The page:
- Shot glass
According to the Oxford English Dictionary, the term "shot glass" first appeared in print in the 1940s in The New York Times, but in fact several examples exist from the 1930s, however although it was used by some, the term apparently did not come into common usage until much later.
Many references from the 1800s describe giving a jigger of whiskey or rum to workers who were digging canals. Most shot glasses are found in the United States, but shot glasses from before the 1940s are very rare.
Because the word shot also means dose, or small amount it may simply be that these small glasses are called shot glasses because they hold small amounts. However there are a range of more complex stories about the origin of the style of glass, and its name. Few of them stands up to much scrutiny - either they place the origin decades before the term appeared in print, or they describe an item that had nothing to do with drinking liquor:
The Old West
The most popular origin story is that the shot glass originated in the Western saloons of the Old West. The story explains that the cowboys of the old west would trade a cartridge (bullet plus powder and primer encased in brass) for a small amount of alcohol.
Birdshot or buckshot
Another origin story is that a shot glass was a glass used at the dinner table for diners to place any lead shot they found left during the meal.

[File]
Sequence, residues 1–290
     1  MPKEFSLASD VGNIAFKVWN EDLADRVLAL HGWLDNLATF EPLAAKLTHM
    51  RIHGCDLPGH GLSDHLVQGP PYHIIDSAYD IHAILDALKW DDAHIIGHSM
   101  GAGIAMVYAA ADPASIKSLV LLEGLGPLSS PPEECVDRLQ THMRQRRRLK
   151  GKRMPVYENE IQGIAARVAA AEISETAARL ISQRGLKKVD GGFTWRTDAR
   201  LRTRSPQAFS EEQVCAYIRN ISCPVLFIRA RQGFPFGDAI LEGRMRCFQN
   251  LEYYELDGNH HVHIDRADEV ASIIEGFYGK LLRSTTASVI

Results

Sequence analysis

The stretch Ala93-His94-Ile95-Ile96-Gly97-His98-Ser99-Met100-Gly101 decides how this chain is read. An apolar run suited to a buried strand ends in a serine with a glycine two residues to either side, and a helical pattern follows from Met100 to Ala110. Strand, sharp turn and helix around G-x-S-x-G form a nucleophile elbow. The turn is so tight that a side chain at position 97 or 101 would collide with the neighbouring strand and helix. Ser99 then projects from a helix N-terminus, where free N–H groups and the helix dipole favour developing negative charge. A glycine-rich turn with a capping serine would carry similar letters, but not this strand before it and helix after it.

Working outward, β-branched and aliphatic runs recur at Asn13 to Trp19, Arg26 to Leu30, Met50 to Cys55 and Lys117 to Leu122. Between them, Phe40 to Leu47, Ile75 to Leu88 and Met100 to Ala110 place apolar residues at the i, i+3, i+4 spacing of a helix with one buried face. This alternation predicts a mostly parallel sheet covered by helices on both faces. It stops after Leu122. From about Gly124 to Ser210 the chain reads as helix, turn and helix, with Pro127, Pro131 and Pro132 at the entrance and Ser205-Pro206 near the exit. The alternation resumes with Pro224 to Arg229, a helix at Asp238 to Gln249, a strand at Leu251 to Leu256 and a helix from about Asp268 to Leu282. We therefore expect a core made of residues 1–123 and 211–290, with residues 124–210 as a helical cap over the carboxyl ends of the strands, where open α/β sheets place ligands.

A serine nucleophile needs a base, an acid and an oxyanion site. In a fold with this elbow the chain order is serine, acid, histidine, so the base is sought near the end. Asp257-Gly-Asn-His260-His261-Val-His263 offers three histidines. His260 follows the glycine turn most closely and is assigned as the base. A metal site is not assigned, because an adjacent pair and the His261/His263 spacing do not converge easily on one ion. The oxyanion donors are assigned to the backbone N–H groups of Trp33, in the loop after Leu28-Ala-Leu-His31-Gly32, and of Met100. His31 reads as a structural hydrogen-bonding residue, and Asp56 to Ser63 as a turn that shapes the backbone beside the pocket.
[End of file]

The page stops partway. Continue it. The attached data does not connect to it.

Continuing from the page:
Quill pen holder
Another story ties the origin of the shot glass to the use of quill pens. According to this story, the term shot glass was coined over 100 years ago, describing a small, thick-walled glass placed on a writing desk, and filled with small lead shot. A feather writing quill would be placed in the glass when not in use, and the lead shot would hold the quill upright. An upright quill was more easily removed from the glass.
Certain fraternal organizations such as Freemasons have a custom of drinking toasts from specially shaped glasses known as cannons or firing glasses, which are slammed on the table making a sound like a gunshot – a firing glass then becomes a shot glass. The firing glass is much older than the shot glass, and has a very specific shape with relatively thin sides, and a very thick protruding base.
Friedrich Otto Schott
This theory argues that the word shot was originally spelled Schott, and named after Friedrich Otto Schott who co-founded the glassworks factory Jenaer Glaswerk Schott & Genossen in Jena, Germany in 1884. This Jena glass has been theorized as the origin of the first Schott Glass and the source of the name, which was later, in the U.S., mutated to Shot Glass and the origin of the word forgotten.
Most countries have standard definitions of single and double shot sizes (which are not always in a 2 to 1 ratio):